Red River College: Golf Course Monitoring

May 5, 2011

LOCATION: Winnipeg, MB
INDUSTRY: Investigation

 

Details:

 

SMT designed custom wireless CO2 sensors to monitor winterization techniques on golf greens in Manitoba. See full article by Red River College Applied Research here.

 

Last year Geisel was awarded with $9,125 through the 2013 College Applied Research Development (CARD) Fund for a joint project with the Manitoba Golf Superintendent Association (MGSA) on the evaluation of over-wintering systems of putting greens.

For Geisel, a horticulturist who is an instructor in the Greenspace Management program at RRC, working on golf greens provided a unique opportunity.

 

The MGSA pitched in nearly $12 thousand for the study, bringing the project’s total to $21,510 over the course of several years.  

The study involves observing three of the in-play greens at five Manitoba golf courses – those being Boissevain, Elmhurst, St. Charles, Pinawa, and Bel Acres – under three different environments. Some of the greens have wintered under a semi permeable plastic mesh cover that allows water and air to travel through; another set have been housed under a sandwich-like design, featuring a semi permeable cover with about 18 inches of flax straw with an impermeable tarp on top; while the remaining greens were the control, featuring just a sand base over the greens.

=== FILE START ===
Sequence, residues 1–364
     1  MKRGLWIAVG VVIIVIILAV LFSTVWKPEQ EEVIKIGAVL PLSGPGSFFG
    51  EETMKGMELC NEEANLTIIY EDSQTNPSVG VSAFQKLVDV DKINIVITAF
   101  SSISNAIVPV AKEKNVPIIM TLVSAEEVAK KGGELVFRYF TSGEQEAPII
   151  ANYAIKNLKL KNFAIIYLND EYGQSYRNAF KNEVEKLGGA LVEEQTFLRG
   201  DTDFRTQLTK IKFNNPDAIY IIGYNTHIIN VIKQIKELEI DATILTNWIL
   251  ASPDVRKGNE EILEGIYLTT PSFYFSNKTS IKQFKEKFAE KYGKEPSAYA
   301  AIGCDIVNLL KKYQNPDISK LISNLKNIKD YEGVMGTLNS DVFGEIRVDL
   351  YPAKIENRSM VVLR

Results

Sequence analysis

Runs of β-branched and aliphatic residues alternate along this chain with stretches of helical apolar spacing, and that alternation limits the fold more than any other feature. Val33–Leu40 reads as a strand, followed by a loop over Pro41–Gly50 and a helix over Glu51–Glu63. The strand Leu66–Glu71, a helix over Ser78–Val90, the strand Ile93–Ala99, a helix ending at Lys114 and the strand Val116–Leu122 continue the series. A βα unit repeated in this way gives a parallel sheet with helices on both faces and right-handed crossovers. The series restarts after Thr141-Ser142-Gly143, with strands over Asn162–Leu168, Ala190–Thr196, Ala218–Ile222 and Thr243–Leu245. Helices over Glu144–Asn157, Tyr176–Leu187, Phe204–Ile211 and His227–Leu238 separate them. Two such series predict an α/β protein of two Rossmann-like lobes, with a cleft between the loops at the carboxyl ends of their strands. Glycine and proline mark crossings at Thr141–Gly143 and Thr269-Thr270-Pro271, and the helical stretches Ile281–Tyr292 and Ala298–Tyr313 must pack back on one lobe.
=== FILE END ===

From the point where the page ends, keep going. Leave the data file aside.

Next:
Under the tarps Geisel set up sensors from SMT Research – whose equipment has frequently been utilized by AR&C at our Centre for Applied Research in Sustainable Infrastructure to test air leakage of buildings and fenestration materials.

On the greens, the SMT sensors monitored the conditions faced by the grasses over fall and winter, chiefly measuring temperature and carbon dioxide levels.

 

This is the first such study of its kind in Manitoba, while previous over-wintering golf green studies in Alberta, in Ontario at the University of Guelph, and in the Northeastern US and Finland have all been performed in labs or controlled environments. Geisel and the superintendents have found both fungal disease and mechanical damage, but it is too early to tell if/how the SMT sensors can pinpoint the root causes and how those can be addressed in the fall and over the winter. 

 

The findings of this project could benefit both the project partner as well as golf courses residing in Northern climates. Golf courses might be able to better maintain greens despite winter conditions — saving them from having to offer discounted green fees in the spring as well as avoiding costly renovations to damaged/dead greens.

 

Included Sensors:

  •  Custom wireless CO2 sensors for monitoring winterization techniques

 

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